What's wrong in Ranong
covering burma and southeast asia
Wednesday, November 21, 2018
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What's wrong in Ranong


By John S. Moncrief/Ranong, Thailand and Kawthaung, Burma FEBRUARY, 2001 - VOLUME 9 NO.2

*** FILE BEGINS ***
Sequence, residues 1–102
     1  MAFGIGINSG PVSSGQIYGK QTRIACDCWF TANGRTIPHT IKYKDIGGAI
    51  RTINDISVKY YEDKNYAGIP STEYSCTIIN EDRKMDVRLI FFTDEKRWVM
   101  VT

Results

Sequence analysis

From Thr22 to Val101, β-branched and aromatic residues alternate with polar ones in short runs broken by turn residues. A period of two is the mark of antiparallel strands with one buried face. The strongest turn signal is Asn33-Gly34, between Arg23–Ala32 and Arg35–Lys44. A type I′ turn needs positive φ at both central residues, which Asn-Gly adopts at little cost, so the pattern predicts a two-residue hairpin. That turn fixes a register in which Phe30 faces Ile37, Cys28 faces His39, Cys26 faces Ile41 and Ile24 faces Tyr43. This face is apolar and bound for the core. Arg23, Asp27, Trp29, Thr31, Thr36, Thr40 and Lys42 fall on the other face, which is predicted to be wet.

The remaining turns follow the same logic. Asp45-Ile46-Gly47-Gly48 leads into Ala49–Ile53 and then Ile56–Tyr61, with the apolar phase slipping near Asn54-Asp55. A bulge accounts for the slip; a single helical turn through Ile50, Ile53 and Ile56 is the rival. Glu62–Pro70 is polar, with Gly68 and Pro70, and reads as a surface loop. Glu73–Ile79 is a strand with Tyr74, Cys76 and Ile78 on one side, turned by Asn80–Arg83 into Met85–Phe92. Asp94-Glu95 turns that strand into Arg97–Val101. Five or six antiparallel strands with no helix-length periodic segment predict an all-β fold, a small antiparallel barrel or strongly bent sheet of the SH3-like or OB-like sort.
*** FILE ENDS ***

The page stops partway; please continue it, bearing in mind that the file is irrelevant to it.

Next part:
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Ranong is the second largest Burmese community in Thailand, where many migrants work in the fishing and its related industries. For most towns on the Thai-Burmese border, bilateral trade resumed after a short closure by the Burmese government in the wake of Burmese activists storming their embassy in Bangkok in October of 1999. While the Burmese opened the border crossing between Ranong-Kawthaung, it announced a temporary cancellation of fishing concessions. Sixteen months later, Ranong and its fishing industry is still waiting. The city of Ranong is home to one of the largest migrant Burmese populations in Thailand, estimated at 80,000 by local officials. The migration has been fueled by both the push of continuing economic hardship in Burma and the pull of better wages in Ranong, where fishing and its related industries are the largest sectors of employment. However, many Burmese live in Ranong illegally and suffer from lack of legal status in Thailand, which has been compounded by the slowdown in the fishing industry. The suspension of concessions has stifled the Ranong economy. This has affected both the Thai and Burmese community. With Thai-owned fishing boats sitting idly by, many Burmese laborers who work directly as fishermen or indirectly in fishing industries are unemployed. This loss of income is passed over to the Burmese community. Many migrants have gone elsewhere. Fishing Concessions In October 6, 1999, a Burmese government spokesman announced that fishing concessions to Thailand were "suspended for the time being for security reasons." This decision came days after the seizure of the Burmese embassy in Bangkok by the Vigorous Burmese Student Warriors, a group of militant anti-Rangoon activists. Fishing concessions have long been a source of contention between the two governments. The problems stem in part from the illegal encroachment into Burmese waters by Thai owned fishing boats, who are notorious for overfishing Burmese areas. Currently, the Burmese government maintains that they are conducting a study of the level of fish in Burmese waters, which have been over fished by Thais. "After the embassy crisis, the border was opened. But the fishing concessions weren’t," says Manat Sukwannitwichai, President of the Ranong Chamber of Commerce. "We don’t see this as fair as we don’t clearly know the reason why fishing concessions are suspended. The Burmese say they are performing surveys, but really they should just deal with the issue." However, one Thai academic who focuses on Thai Burmese relations says, "Fishing concessions have always been used as a tool by the Burmese government particularly when there are issues of sovereignty." Relations between Rangoon and Bangkok have been cool over the past few years, as the influx of amphetamines to Thailand has complicated ties. In the past, Thais fishing companies paid a monthly licensing fee—between 240,000 to 300,000 baht per boat—to catch a limit of one hundred thousand kilograms in Burmese waters. This is an important source of official income for the local government. After the ban, Thai Prime Minister Chuan Leekpai said, "We have to admit that the central government and the local authorities in Burma implement double-standard policies." One analyst suggests that the local Burmese are holding out for a better deal independent of Rangoon. And while some local fishing firms have cast their nets in Indonesian, Vietnamese and Malaysian waters to keep their businesses afloat, they have met little success. Reports indicate the yields of fish in Indonesian waters are low. Furthermore, Indonesia’s strict enforcement of its waters has led to the impoundment of many Thai trawlers. Instead of Ranong, many of these ships are using ports in Pattani and Songkla to unload their catch. Other Thai trawlers have turned to local waters near Ranong, Pang Nga, and Phuket, however the trips cost money for petrol and there are few fish present, making the journey financially unfeasible. Many have returned to wait in Ranong. The drop in amount of fish coming into Ranong has cost its economy dearly. In the last two years, the economy has dropped by fifty percent according to the Ranong Chamber of Commerce. The decrease in supply of fish has not only stifled the Ranong fishing industry affecting the over 700 boats that used to fish Burmese waters but other fishing related business such as fish markets, animal feed, fish sauce, canned fish, sea transportation, cold storage and ice factories. The entire town is feeling the crunch, especially Burmese migrants of which thirty four percent work as fishermen, while seventeen percent work in related industries.


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